They want our brains!!!
Zombies? No, obesity doctors.
You read that right. Though they want in our brains, rather than eating them up. But part of me thinks they’d eat our brains if it’d “cure our obesity”—after all, it’s for our health!
On Tuesday Nightline covered a story about a woman, Carol, who agreed to be the second person in the U.S. to undergo “the most radical treatment ever devised for obesity,” a treatment called Deep Brain Stimulation. Basically, surgeons drill into her brain and carefully poke around, sending electric currents into her brain until they identify the part that controls her hunger, feeling of satiation, etc. And then they implant “two brain pacemakers” into her chest that will send those same electric currents to her brain. TWO!!! The currents are supposed to keep her, it seems, feeling full enough—meaning they are sending volts into her brain to simulate a feeling “just below [the] threshold of nausea.” According to one surgeon, this will “readjust her weight thermostat so that she can metabolize better and potentially eat less, if that’s what it takes.” Eventually they will have to dial it up a notch to keep her feeling full.
I respect this woman’s right to do this, but I do not respect the doctors/researchers’ endeavor to perform it, nor am I very satisfied with Nightline’s coverage. Martin Bashir doesn’t ask the tough questions, evaluate the risks of this radical procedure or the assumptions it’s based on, or even present more than a flittering critical thought throughout this report. It’s not that Bashir seems all that gung-ho about it, but in the end it is just another booga-booga-OMGtehFats puff piece, rather than an investigative report.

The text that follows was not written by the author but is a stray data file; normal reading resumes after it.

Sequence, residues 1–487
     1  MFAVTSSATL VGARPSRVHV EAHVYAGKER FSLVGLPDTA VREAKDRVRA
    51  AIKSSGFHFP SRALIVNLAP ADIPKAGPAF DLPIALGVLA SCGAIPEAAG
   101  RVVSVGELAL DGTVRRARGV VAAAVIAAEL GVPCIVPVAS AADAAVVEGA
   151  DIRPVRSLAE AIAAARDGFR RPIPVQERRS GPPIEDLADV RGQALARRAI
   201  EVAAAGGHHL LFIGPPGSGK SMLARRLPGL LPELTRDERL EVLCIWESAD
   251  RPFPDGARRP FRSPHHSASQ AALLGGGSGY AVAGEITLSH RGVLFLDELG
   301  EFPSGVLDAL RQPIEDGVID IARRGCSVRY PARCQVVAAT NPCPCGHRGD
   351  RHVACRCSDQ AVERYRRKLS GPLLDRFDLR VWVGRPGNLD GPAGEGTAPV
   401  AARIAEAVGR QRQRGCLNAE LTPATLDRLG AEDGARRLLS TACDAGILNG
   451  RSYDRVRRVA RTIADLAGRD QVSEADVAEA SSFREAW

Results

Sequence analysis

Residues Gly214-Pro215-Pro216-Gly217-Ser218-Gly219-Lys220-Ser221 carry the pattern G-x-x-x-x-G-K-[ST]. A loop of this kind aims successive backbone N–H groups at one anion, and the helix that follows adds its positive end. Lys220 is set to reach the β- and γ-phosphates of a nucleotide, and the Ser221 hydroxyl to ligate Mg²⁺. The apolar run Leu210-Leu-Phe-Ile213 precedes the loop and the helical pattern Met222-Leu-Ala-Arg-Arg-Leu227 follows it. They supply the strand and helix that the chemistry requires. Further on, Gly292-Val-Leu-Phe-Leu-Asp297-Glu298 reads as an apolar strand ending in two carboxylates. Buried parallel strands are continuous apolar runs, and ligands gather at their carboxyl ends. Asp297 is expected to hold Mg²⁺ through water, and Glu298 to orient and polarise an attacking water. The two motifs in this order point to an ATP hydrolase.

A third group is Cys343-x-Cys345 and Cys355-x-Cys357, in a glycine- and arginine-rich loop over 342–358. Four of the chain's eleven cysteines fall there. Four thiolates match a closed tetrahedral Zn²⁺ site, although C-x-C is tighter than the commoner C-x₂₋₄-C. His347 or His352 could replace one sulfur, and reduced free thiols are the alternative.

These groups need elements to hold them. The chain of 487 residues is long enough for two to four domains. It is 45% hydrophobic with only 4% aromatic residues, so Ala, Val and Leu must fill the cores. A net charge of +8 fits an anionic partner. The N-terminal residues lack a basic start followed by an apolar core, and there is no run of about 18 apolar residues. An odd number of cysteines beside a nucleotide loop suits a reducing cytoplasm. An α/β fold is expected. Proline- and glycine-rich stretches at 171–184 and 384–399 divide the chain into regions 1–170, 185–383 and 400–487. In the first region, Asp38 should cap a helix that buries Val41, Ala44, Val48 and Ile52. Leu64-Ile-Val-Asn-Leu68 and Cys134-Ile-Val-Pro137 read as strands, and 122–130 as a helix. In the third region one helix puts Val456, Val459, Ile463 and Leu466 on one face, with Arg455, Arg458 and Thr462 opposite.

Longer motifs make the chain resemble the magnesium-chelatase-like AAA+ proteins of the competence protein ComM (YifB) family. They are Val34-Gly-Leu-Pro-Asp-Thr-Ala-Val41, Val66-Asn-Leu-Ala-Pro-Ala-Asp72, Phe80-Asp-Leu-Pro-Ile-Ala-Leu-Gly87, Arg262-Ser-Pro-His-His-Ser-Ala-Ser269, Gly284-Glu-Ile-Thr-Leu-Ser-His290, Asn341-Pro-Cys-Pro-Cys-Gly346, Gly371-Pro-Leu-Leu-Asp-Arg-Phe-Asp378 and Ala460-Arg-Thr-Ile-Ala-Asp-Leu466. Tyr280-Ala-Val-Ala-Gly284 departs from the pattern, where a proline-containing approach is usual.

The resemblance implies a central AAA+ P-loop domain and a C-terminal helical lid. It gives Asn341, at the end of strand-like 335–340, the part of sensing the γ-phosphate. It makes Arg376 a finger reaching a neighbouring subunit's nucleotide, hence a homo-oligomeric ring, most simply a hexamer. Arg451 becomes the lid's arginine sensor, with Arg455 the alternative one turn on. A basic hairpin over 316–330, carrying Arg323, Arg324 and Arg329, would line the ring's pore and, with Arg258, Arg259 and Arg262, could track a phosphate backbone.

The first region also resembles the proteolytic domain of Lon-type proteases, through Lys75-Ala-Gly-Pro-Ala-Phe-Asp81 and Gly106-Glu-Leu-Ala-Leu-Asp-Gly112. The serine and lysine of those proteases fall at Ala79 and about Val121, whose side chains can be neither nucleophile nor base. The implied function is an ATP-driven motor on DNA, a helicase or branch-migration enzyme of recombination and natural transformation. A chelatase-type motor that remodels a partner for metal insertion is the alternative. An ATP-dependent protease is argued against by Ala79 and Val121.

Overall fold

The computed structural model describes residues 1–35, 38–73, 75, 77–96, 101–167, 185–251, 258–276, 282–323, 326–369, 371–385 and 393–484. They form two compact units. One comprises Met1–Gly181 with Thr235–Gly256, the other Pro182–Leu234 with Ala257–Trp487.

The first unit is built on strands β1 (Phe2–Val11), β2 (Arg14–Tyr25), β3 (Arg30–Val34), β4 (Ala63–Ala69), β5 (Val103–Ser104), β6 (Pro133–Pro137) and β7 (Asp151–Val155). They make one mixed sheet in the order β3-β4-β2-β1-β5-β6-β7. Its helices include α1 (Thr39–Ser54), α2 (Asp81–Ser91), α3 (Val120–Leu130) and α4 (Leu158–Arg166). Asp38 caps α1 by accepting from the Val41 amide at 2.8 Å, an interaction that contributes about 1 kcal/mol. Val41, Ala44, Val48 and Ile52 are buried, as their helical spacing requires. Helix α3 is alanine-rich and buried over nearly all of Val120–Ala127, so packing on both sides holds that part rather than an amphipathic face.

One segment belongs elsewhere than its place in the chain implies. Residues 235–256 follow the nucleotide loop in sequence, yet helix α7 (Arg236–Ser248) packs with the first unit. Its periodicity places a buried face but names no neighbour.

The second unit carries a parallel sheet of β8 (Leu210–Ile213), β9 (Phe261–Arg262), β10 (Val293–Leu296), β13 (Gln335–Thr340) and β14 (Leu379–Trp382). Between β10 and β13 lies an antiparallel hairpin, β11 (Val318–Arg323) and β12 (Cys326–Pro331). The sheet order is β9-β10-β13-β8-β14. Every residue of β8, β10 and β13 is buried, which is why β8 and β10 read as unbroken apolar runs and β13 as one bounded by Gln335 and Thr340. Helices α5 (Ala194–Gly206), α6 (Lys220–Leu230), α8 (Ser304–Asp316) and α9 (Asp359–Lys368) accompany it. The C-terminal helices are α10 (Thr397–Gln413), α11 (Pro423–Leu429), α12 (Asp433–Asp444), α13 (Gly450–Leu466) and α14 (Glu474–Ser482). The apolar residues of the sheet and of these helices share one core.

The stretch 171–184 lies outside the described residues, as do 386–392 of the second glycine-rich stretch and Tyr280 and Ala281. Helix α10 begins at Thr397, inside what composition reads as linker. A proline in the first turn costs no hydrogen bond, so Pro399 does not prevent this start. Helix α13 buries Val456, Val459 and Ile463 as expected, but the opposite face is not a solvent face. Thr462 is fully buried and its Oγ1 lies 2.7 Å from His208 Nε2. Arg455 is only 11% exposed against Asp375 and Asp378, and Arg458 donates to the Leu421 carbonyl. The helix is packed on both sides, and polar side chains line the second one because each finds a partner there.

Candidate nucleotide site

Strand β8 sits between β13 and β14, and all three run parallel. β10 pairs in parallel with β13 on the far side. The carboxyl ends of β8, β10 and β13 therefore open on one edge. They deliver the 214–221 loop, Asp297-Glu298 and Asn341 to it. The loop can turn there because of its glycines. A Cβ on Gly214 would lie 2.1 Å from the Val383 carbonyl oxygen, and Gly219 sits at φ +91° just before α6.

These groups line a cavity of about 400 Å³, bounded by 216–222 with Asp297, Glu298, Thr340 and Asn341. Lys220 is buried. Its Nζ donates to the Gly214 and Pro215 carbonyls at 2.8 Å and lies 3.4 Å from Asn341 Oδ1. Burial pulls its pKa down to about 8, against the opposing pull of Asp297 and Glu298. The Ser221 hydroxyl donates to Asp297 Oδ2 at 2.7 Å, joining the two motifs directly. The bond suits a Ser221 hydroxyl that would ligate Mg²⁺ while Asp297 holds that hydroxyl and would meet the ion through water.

I tend to be long-winded, so I decided to at least organize my long-windedness and post a list of my objections...off the top of my head.
1. The contention that “obesity is the most painful problem in the world.” Now, I took that out of context. The actual quote is, “For Carol Poe, obesity is the most painful problem in the world.” If she said this and she feels it’s her biggest problem, I feel really bad for her and what she must go through...not that she’d be the only one who thinks being fat is The_Worst_Thing_Evar ™. We all know that people would rather die than be obeeeeese (or “overweight” or even a little fat); fatness is many people’s greatest fear. But this segment only reinforces the idea that it’s the worst thing that could happen to a person and that we should all be very, very afraid of the fats. The same news show would likely do a story on how young girls are so afraid of fat and not see the connection between girls’ fear of fat and their own reporting.
2. The doctors’ treatment of “obesity” as though fatness is a disease like Parkinson’s. Fatness is not a disease, people. Yet doctors think that since Deep Brain Stimulation worked on Parkinson’s (not sure how accurate that is) they can and should save the world from fat people—and fat people from themselves—using DBS.